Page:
Here I’d like to explore some ideas from  where curvilinear coordinates, manifolds, and the vector derivative are introduced.
For simplicity, let’s consider the concrete example of a 2D manifold, a surface in an dimensional vector space, parameterized by two variables
Note that the indices here do not represent exponentiation. We can construct a basis for the manifold as
On the manifold we can calculate a reciprocal basis , defined by requiring, at each point on the surface
Associated implicitly with this basis is a curvilinear coordinate representation defined by the projection operation
(sums over mixed indexes are implied). These coordinates can be calculated by taking dot products with the reciprocal frame vectors
Let’s pause for a couple examples that have interesting aspects.
Example: Circular coordinates on a disk
Consider an infinite disk at height , with the origin omitted, parameterized by circular coordinates as in fig. 1.1.
Points on this surface are
The manifold basis vectors, defined by eq. 1.2.2 are
By inspection, the reciprocal basis is
The first thing to note here is that we cannot reach the points of eq. 1.3.6 by linear combination of these basis vectors. Instead these basis vectors only allow us to reach other points on the surface, when already there. For example we cannot actually write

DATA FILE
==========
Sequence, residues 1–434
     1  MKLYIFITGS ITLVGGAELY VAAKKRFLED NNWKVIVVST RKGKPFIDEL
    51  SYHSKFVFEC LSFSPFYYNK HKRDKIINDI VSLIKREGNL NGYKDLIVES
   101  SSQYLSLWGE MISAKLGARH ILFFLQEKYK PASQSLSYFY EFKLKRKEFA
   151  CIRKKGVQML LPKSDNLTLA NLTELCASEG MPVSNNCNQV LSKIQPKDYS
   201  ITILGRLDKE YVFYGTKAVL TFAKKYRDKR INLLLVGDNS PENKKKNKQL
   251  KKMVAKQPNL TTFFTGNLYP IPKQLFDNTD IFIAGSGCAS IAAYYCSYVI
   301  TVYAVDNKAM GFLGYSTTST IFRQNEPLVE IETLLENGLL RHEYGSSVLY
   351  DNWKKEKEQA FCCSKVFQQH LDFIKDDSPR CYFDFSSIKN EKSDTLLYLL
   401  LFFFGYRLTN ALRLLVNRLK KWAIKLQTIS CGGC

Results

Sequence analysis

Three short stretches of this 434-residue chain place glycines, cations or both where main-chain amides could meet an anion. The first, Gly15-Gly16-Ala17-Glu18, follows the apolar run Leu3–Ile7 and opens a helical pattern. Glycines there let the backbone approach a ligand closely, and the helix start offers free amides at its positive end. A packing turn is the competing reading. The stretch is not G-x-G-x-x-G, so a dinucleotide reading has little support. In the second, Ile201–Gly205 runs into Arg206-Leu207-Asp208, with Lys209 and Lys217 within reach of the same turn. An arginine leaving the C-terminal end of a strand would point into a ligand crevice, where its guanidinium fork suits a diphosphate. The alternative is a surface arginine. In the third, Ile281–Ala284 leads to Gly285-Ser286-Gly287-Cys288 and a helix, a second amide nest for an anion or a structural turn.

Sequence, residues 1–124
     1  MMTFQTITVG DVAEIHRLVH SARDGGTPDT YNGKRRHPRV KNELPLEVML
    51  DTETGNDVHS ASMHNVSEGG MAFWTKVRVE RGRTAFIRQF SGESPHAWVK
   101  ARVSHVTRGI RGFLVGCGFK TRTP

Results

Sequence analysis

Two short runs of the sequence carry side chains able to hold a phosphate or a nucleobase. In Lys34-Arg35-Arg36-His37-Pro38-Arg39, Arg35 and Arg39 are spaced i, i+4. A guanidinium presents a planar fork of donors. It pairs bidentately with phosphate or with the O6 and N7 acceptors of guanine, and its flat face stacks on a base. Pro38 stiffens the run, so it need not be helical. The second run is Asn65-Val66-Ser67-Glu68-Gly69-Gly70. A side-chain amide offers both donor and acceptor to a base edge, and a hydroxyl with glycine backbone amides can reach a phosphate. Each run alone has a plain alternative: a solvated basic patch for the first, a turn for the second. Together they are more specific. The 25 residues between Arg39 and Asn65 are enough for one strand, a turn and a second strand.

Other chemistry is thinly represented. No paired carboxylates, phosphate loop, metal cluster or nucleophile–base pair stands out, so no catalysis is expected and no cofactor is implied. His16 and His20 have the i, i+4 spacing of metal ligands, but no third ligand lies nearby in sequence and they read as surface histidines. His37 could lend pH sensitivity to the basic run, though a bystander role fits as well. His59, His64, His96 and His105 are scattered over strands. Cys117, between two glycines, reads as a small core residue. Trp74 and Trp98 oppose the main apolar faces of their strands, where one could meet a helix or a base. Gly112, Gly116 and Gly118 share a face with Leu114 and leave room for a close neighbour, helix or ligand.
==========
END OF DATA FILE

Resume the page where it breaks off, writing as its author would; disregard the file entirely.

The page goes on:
unless . This is why eq. 1.2.4 was described as a projective operation (and probably deserves an alternate notation). To recover the original parameterized form of the position vector on the surface, we require
The coordinates follow by taking dot products
Therefore, a point on the plane, relative to the origin of the plane, in this case, requires just one of the tangent plane basis vectors
Example: Circumference of a circle
Now consider a circular perimeter, as illustrated in fig. 1.2, with the single variable parameterization
Our tangent space basis is
with, by inspection, a reciprocal basis
Here we have a curious condition, since the tangent space basis vector is perpendicular to the position vector for the points on the circular surface. So, should we attempt to calculate coordinates using eq. 1.2.4, we just get zero
It’s perhaps notable that a coordinate representation using the tangent space basis is possible, but we need to utilize a complex geometry. Assuming
and writing for the pseudoscalar, we can write
so that, by inversion, the coordinate is
Example: Surface of a sphere
It is also clear that any parameterization that has radial symmetry will suffer the same issue. For example, for a radial surface in 3D with radius we have
The reciprocals here were computed using the mathematica reciprocalFrameSphericalSurface.nb notebook.
Do we have a bivector parameterization of the surface using the tangent space basis? Let’s try
Wedging with and , and writing , respectively yields
However, substitution back into eq. 1.0.22 shows either pair parameterizes the radial position vector
It is interesting that duality relationships seem to naturally arise attempting to describe points on a surface using the tangent space basis for that surface.
 A. Macdonald. Vector and Geometric Calculus. CreateSpace Independent Publishing Platform, 2012.